Lower down payment and lower loan interest rate

Having a good score can lower the down payment requirement for any loan. Additionally, they can get the loan with lower interest.

Which are the Credit Information Companies in India?

In India, there are primarily four credit reporting agencies that compute the credit information.

TransUnion CIBIL Limited

Formerly known as Credit Information Bureau (India) Limited, is India’s first Credit Information Company (CIC). The company collects and maintains records of individuals’ repayment habits with respect to loans and credit cards. The financial institutions and member banks send the reports to TransUnion CIBIL Limited every month. Information gathered from these institutions is used to generate the Credit Information Report (CIR) and credit scores. Furthermore, these reports and scores are then given to the lending financial institutions (like banks) to help them make lending decisions.

Experian Credit Information Company of India Private Limited

Experian Credit Information Company is a Dublin based company that creates credit reports. Experian’s credit report has information about an individual’s loan and credit history. Banks and other lending institutions purchase these reports. Similar to TransUnion CIBIL, Experian also collects data from its member banks and other institutions in India to generate credit reports.

Equifax Credit Information Services Private Limited (ECIS)

Equifax is one of the oldest and largest credit reporting agencies in the USA with headquarters in Atlanta. It provides credit reports to both individuals and businesses. The company partnered with many institutions and banks in India to help create credit reports and for assessing credit scores.

CRIF High Mark

CRIF high mark is among the few credit reporting agencies that specialises in scoring, analytics, and credit management solutions. It creates credit reports on the bases of the information that it collects from the Income Tax Department, banks and other banking and non-banking institutions. The CRIF High Mark credit reports are available against a fee. Many Indian banks have tied up with CRIF High Mark to generate credit reports and assess the borrower’s financial credibility.

What is a Credit Score Report?

A credit report is a record of an individual’s history of managing and repaying debt. It is more like a report card that the lenders refer to before issuing credit to anyone. The credit report has a note of how and when the bill payments were made. It also shows how much debt a person has and since how long have they been managing credit accounts.

Lenders use a credit report to learn about an individual’s previous borrowing experience. These reports help the lenders make decisions with respect to granting credit. Credit reports also help in determining the credit score. Additionally, they help in verifying an individual’s identity and for other purposes in the limits prescribed under the law.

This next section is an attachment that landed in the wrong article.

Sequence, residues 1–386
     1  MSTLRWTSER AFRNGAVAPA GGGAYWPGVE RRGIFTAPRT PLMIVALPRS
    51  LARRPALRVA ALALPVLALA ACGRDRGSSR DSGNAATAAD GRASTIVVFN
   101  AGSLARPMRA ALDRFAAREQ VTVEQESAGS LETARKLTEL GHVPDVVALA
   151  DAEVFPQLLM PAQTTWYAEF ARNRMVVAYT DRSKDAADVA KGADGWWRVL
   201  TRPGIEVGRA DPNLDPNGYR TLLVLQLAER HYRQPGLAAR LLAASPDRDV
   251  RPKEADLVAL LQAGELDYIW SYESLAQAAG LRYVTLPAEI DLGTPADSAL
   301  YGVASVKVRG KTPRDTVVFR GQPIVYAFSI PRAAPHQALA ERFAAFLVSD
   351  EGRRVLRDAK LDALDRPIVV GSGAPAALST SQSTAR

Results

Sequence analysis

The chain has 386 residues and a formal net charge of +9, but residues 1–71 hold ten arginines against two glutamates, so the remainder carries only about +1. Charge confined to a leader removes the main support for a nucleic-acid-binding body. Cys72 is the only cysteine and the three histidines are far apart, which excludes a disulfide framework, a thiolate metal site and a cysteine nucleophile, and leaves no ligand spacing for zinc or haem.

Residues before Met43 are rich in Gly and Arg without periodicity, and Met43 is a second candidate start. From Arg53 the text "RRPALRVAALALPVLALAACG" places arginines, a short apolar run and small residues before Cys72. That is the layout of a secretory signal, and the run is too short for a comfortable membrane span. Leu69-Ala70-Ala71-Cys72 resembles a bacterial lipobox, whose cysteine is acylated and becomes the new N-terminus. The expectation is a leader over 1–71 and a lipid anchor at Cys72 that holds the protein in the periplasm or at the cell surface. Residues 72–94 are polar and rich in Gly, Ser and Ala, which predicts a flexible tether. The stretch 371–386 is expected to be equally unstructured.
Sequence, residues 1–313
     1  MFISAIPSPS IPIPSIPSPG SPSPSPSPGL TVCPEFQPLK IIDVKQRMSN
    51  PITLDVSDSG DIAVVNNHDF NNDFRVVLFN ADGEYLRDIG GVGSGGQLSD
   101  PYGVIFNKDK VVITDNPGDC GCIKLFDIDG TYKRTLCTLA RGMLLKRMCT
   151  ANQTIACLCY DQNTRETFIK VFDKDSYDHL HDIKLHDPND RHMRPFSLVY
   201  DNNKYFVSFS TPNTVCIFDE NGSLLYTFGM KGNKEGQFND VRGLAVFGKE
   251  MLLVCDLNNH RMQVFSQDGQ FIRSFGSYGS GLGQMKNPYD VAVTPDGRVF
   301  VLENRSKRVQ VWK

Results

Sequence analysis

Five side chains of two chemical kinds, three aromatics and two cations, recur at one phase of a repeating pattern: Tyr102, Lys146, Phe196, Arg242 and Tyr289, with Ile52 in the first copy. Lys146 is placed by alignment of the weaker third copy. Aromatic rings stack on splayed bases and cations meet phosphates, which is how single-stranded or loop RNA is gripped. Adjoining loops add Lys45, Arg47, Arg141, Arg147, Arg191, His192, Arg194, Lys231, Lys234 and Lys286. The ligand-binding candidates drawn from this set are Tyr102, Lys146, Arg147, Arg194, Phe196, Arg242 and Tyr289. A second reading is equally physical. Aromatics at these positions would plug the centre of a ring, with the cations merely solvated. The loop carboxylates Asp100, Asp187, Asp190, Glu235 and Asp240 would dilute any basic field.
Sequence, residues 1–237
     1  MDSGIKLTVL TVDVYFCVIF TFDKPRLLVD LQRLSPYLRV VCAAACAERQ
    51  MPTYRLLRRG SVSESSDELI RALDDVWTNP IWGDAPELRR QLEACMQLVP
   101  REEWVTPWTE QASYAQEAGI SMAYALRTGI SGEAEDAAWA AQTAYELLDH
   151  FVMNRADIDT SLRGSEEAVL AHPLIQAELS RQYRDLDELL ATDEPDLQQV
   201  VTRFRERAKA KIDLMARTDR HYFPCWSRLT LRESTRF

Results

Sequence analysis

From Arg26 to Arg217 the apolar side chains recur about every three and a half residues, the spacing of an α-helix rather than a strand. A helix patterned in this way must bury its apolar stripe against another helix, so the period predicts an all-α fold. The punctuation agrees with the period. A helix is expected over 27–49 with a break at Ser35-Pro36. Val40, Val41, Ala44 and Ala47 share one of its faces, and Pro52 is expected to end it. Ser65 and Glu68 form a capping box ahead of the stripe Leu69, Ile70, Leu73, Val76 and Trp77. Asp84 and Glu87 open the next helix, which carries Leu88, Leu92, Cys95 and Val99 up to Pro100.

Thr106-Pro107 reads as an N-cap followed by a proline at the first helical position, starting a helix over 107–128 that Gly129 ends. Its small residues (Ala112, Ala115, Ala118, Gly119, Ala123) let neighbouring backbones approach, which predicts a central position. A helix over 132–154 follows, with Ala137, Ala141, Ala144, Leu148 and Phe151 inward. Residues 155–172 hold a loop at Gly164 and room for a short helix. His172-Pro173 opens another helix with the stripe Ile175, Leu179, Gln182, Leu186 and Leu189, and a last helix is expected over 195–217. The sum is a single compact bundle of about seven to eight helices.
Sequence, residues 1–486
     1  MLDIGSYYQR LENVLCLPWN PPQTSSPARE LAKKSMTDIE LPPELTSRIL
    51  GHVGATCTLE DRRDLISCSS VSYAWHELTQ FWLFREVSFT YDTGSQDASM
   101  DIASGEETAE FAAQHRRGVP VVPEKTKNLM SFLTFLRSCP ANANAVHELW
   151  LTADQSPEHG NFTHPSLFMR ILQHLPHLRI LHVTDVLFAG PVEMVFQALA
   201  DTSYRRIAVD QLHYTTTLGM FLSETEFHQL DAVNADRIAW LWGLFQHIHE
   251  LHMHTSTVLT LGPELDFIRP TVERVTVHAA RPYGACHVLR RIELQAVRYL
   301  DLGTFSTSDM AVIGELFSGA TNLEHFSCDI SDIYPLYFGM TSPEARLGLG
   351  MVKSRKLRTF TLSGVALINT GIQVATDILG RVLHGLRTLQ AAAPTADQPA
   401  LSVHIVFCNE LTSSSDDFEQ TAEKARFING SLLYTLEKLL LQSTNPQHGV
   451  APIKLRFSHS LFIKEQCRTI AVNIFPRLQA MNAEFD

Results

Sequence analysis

All credit information companies create credit reports. The information in a credit report is more or less the same. However, the way the credit bureaus represent the data differs.

What Type of Information is Included in a Credit Report?

Personal Information

This section has personal information about the individual.

  • Full Name: Details such as full name along with any variations in the name while availing credit. The variations in the name can also be with or without a middle name, surnames used before marriage or divorce, or nicknames.
  • Address: Current address, along with other addresses provided while opening credit accounts.
  • Employer details: Name of current and all past employers.
  • Joint applicant name: Names of individuals with whom the assessee has jointly opened credit in the past.


The accounts section lists all the currently active or open credit accounts, closed accounts and turned over to collection accounts.

  • Open accounts: This lists all the open credit card accounts and loans. Additionally, this also has the payment history up to seven years of monthly payments. It has a record of whether all payments were made on time or past the due date. For all the late payments, the credit report will indicate if they were 30, 60, or 90 days past the due date.
  • Closed accounts: This includes all the paid off credit card accounts and loans either by the individual or by the issuer. Closed account details stay up to ten years after closure and show up to seven years of its payment history.
  • Turned over accounts: If applicable, it includes accounts turned over to property foreclosure, collections and repossessions of vehicles or merchandise. The list is a result of non-payment of the credit.


Enquiries are the requests from companies or lenders for an individual’s credit report. The list enquires stay up to two years in a credit report. Usually, there are two types of enquiries:

  • Hard enquiries: These are requests to check an individual’s credit associated with respect to new credit applications such as credit card or loan.
  • Soft enquiries: Soft enquiries happen for other reasons, such as to determine credit prequalification or check one’s credit. It may also be a result of companies that an individual has a relationship with checking the score.

Public Records